Keokuk: The St. Louis Band You Should Know About
St. Louis’ latest band to cause a buzz of euphoria is not comprised of upstarts with snazzy shirts, pop-punk chords or shimmering synthesizers but rather a quartet comprised of journeymen musicians whose affinity for playing music shines through multilayered groves of power-pop, psychedelic sonics and smooth saxophones.
Keokuk is a fearsome foursome comprised of vocalist and guitarist Curt Hendricks, saxophonist Dominic Schaeffer and the mother/son tandem of bassist Zane Spencer and drummer Andrea Spencer. Collectively they are a perfect union of invigorating sonic stylings, drawing influences from an eclectic mix that includes Frank Zappa, King Crimson, TV On The Radio, John Zorn and Black Rebel Motorcycle Club.
Their groundswell of popularity began with a string of impressive live shows, followed by some serious social media love. Keokuk’s profile only rose with the release of their self-titled CD, a run of sterling press reviews and radio attention.
Read our Q&A with Curt Hendricks about Keokuk’s music, St. Louis’ music scene and the band’s passion for playing live.
How did Keokuk come to life?
Andrea and I had played together in a band starting around 2000. I was kind of semi-done playing at the end of the ’90s, and she used to call me every six months and invite me to come jam. I was kind of reticent at first, but I finally I relented and things went pretty well. We had a bass player at the time who had moved on, so Andrea went back to drums, I took up bass and we played as a three-piece called Pelvic Girdles. I was also concurrently jamming with Dominic in our band, Psychotronics.
Moving a few years on, Andrea and I decided to start playing again and trying to put something else together. She really liked Dominic’s playing and wanted to use him if he would be willing. Then we had her son playing with us on bass. We asked him if he’d help us out kind of as a placeholder, which he agreed to do, and we jammed for about a year before we decided to keep him.
How is it having a young guy in a band of veteran players?
It could have been problematic, but Zane is a smart kid. He’s really mature and a quick study. He has listened to so many different things that it’s not like we are clashing on ideas about what to do. It’s really comfortable and familial.
Tell us about the positive response you’ve been getting in St. Louis.
I think part of why that is happening is because of the CD. We began without having anything out there, and not very many people knew about us. When the album came out in the fall, things picked up. We did some gigs in 2015, and for 2016 we just decided to dedicate the year to making the CD. That has worked out very well for us.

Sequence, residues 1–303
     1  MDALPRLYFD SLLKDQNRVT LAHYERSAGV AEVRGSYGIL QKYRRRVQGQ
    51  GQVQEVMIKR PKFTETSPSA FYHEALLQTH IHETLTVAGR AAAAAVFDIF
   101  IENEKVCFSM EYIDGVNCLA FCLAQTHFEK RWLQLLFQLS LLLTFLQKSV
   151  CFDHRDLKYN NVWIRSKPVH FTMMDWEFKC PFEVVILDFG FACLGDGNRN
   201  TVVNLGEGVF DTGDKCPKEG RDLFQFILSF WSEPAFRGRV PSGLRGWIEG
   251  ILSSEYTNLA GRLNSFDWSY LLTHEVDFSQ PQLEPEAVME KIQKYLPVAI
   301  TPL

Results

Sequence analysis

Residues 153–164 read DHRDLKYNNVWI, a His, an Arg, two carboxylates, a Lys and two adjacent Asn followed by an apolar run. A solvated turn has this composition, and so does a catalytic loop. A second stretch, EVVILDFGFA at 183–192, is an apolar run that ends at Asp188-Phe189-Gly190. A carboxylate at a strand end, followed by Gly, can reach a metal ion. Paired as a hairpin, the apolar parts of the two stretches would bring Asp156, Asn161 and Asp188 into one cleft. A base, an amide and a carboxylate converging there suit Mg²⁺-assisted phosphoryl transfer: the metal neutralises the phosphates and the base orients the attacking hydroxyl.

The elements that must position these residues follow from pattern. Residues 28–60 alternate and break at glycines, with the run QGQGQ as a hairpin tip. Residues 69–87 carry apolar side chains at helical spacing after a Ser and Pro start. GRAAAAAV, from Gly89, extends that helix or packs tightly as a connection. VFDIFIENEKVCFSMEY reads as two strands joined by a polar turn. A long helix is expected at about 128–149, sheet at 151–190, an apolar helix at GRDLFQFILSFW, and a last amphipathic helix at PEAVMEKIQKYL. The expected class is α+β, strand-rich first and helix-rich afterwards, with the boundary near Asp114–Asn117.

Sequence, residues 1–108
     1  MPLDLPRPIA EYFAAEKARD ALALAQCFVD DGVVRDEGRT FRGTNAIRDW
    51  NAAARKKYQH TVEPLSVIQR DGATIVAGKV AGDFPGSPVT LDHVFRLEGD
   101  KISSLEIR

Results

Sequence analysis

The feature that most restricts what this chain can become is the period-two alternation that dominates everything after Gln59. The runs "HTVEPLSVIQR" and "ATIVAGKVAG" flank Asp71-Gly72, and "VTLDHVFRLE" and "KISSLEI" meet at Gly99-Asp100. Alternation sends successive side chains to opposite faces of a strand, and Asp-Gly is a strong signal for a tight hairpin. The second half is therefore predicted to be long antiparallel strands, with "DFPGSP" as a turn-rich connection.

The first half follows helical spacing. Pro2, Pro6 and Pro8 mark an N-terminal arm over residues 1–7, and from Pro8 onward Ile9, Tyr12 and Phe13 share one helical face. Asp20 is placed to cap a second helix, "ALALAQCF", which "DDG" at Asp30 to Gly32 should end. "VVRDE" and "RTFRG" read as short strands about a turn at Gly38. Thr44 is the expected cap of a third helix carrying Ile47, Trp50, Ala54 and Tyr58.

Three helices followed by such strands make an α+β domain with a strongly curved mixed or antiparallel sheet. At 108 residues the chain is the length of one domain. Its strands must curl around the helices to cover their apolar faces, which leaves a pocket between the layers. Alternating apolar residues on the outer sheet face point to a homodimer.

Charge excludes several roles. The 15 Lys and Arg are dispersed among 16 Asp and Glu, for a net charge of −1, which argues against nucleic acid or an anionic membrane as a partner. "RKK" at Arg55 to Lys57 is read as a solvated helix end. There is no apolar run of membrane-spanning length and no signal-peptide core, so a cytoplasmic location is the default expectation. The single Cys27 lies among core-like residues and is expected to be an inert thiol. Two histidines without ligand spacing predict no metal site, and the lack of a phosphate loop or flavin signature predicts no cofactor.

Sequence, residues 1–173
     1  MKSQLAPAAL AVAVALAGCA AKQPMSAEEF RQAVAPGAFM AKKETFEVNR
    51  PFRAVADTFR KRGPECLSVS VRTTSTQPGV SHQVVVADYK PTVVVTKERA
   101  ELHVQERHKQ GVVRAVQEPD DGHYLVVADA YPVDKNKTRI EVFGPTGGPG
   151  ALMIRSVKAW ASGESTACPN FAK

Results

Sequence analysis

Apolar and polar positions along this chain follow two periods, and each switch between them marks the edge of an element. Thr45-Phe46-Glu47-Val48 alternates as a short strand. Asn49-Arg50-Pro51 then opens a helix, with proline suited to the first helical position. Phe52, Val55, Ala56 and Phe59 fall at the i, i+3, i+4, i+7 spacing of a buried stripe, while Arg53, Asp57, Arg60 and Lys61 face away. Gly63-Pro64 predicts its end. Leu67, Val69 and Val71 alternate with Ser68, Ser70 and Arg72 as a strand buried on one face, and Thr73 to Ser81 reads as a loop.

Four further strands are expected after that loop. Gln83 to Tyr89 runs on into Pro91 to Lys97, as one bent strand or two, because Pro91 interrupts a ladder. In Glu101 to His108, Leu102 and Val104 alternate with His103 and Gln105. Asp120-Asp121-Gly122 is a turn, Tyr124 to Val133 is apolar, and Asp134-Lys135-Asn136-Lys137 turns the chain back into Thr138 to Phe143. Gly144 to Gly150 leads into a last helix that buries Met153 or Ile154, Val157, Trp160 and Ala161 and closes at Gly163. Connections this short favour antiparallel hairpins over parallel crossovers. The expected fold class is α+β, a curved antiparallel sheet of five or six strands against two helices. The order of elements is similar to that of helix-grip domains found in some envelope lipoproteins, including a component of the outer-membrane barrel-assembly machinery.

Do you think playing live together before making your album helped you mature as a band?
That’s the only way I would know how to approach it. I’ve always worked where you put a band together and see if people like it. There’s nothing more fun than playing music with some other people. The whole level of doing it live is just another challenge. You can get really good and play well in a basement, but when you add the nerve factor of being in front of other people with someone expecting something of you, that just makes it so much better.
Did it take a lot of time to make your debut record?
Not really. The thing that helped expedite the situation was we know how to rehearse, and we knew what to expect with recording. We went into the studio and recorded all seven songs on a Friday and Saturday, and then I sang the vocals on it that Sunday. It worked out for us because we had every song done in about two takes.
Photo by Leilani Gooch
What do you think about the local music scene in St. Louis?
I think it’s pretty great. The scene is really vibrant, and I think there is a lot of great music being made. What is interesting is that the people who are closer to my age are still hitting it, and there’s this raft of young bands coming up with a real variety of styles and material.
Is Keokuk working on any new material?
It’s a slow process because when you are pursuing gigs you have to rehearse and stay fresh, which makes it hard to have the impetus to work on new stuff, too. I would really like to go in and record again later this year. Right now we have enough material that we could easily make into another album.
Cover photo by Thomas Whitener/Whitener Photographic Arts